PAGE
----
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London-based dry cargo association Intercargo has warned of its “growing concern” at the “magnitude of the challenge” ahead for shipowners and operators with the IMO’s 0.5% sulphur cap on marine fuels coming into force on 1 January.

“It is extremely worrying that compliant fuels have so far been made available only in a limited number of ports and under unfavourable terms for voluntary early testing by ships,” said Intercargo.

It added that charterers and operators were currently not obliged to make purchase futures of compliant fuel, hence the practical testing and crew training will be very limited and pushed towards the end of the year.

The association warned: “This situation creates significant safety implications for the operation of ships, which could eventually threaten the safety of seafarers, ships and cargo, as well as the marine environment.”

It urged ship charterers and operators to start the process of purchasing compliant fuels and enhance crew training.

“Seafarers deserve our special consideration, as the industry will largely rely on their skills for managing the new compliant fuel aboard ships on the high seas to ensure a smooth implementation of this drastic change.”

Indeed, with just five months before the IMO’s maximum 0.5% sulphur content on bunker fuel comes into force – other than for ships fitted with exhaust gas cleaning scrubber systems, which will continue to be able to burn heavy fuel oil (HFO) with a sulphur content of up to 3.5% in non-SECA regions – the focus has shifted from the additional cost of compliant fuel to concerns over supply chain disruption.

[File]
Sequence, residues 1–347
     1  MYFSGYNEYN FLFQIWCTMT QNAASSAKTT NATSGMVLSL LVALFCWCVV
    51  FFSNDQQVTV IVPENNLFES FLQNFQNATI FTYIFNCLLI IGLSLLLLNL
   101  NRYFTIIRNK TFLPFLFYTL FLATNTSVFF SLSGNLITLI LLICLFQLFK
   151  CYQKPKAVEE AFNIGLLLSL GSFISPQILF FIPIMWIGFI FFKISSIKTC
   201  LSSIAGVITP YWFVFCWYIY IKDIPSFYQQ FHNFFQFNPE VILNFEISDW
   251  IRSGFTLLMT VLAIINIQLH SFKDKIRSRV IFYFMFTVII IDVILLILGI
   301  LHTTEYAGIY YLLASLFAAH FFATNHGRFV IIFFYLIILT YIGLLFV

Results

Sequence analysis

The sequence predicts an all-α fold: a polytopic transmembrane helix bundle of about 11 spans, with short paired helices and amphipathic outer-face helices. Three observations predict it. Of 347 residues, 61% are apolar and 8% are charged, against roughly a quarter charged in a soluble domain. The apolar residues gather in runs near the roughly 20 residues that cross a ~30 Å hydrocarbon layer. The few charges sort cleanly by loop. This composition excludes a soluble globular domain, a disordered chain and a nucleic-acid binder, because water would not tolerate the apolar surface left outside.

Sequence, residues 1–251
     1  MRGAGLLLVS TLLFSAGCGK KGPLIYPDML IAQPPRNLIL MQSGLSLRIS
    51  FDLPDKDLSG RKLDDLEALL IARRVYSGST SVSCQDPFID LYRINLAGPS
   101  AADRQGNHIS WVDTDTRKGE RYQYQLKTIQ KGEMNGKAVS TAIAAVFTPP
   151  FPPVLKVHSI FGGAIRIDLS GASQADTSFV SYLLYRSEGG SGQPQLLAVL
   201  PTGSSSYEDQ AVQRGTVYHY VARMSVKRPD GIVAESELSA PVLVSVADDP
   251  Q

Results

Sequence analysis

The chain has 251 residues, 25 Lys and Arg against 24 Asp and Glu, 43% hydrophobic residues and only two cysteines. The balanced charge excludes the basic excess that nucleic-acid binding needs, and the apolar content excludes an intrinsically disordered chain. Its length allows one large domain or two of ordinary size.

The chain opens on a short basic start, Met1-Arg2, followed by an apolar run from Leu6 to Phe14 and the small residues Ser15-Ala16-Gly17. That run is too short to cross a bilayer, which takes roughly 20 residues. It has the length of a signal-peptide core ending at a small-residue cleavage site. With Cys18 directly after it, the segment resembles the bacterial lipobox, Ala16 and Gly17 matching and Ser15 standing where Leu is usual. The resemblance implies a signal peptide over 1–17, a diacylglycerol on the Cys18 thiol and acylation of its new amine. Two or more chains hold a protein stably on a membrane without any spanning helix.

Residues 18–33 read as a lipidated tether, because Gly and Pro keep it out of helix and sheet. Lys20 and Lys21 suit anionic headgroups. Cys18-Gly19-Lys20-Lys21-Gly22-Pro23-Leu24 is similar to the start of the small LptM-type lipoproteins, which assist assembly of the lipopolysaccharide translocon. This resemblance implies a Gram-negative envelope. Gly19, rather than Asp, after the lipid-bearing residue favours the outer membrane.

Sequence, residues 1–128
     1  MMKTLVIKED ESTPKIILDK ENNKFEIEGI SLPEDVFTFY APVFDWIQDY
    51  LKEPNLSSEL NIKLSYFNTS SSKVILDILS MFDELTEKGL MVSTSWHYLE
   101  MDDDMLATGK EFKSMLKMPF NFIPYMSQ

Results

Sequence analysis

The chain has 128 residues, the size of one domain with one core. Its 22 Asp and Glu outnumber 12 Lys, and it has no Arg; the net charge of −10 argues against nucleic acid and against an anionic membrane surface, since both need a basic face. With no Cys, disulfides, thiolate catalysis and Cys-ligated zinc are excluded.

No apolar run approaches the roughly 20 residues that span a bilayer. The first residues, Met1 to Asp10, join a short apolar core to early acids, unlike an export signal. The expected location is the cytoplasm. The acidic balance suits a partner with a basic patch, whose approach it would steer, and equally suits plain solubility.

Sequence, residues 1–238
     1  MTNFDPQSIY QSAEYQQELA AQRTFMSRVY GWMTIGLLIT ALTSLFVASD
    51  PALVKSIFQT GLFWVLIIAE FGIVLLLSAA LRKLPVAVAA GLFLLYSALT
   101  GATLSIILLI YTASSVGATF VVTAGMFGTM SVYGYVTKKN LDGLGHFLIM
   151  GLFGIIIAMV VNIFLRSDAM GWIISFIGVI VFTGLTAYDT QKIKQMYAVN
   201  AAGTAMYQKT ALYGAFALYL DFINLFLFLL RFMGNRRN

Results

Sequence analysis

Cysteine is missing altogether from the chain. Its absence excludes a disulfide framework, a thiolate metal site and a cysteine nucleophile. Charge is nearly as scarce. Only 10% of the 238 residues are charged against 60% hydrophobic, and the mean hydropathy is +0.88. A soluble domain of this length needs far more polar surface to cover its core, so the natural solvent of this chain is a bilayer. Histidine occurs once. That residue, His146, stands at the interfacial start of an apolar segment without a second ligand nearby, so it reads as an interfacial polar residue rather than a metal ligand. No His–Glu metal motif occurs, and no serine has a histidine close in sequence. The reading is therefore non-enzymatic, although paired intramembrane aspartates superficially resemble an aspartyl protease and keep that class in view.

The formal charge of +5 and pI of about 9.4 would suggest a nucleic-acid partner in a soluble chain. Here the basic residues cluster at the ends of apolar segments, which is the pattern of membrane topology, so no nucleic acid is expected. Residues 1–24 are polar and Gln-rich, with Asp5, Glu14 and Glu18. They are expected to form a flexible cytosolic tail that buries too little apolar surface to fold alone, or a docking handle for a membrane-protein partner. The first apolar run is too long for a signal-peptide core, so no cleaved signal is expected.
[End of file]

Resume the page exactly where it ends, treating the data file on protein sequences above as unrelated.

Several forwarders have advised their clients of the possibility in the transition period and advised them to “book early” in Q4.

It fact, this was the overriding concern expressed to The Loadstar by shippers and forwarders at the recent Multimodal and Transport Logistics events.

Basel-based forwarder Panalpina has warned its customers of “considerable potential for supply chain disruption” from “delays in fuel supply, denied port calls and retrofitting” of scrubbers. Scrubber systems can take between six and eight weeks to install, with the vessel out of service.

Containership brokers The Loadstar has talked to recently have talked of a “significant tightening of supply” in the second half of the year as a consequence of the expected rush to retrofit tonnage with scrubbers.

“Looking ahead a few months, the liners will not be able to cover everything, so we expect a temporary reversal of the supply-demand balance, and we are already seeing extensions commanding much higher daily hires,” said one broker today.

And for carriers that have opted to comply with IMO 2020 regulations by switching to low-sulphur fuel (LSFO) Intercargo’s concerns are shared in the container sector.

Notwithstanding that the majority of the larger vessels will fuel at traditional bunker hub ports, some of the secondary trades will see ships replenishing their tanks at ports where concerns about the availability of LSFO and the quality of the blend supplied have already been expressed by ship operators.

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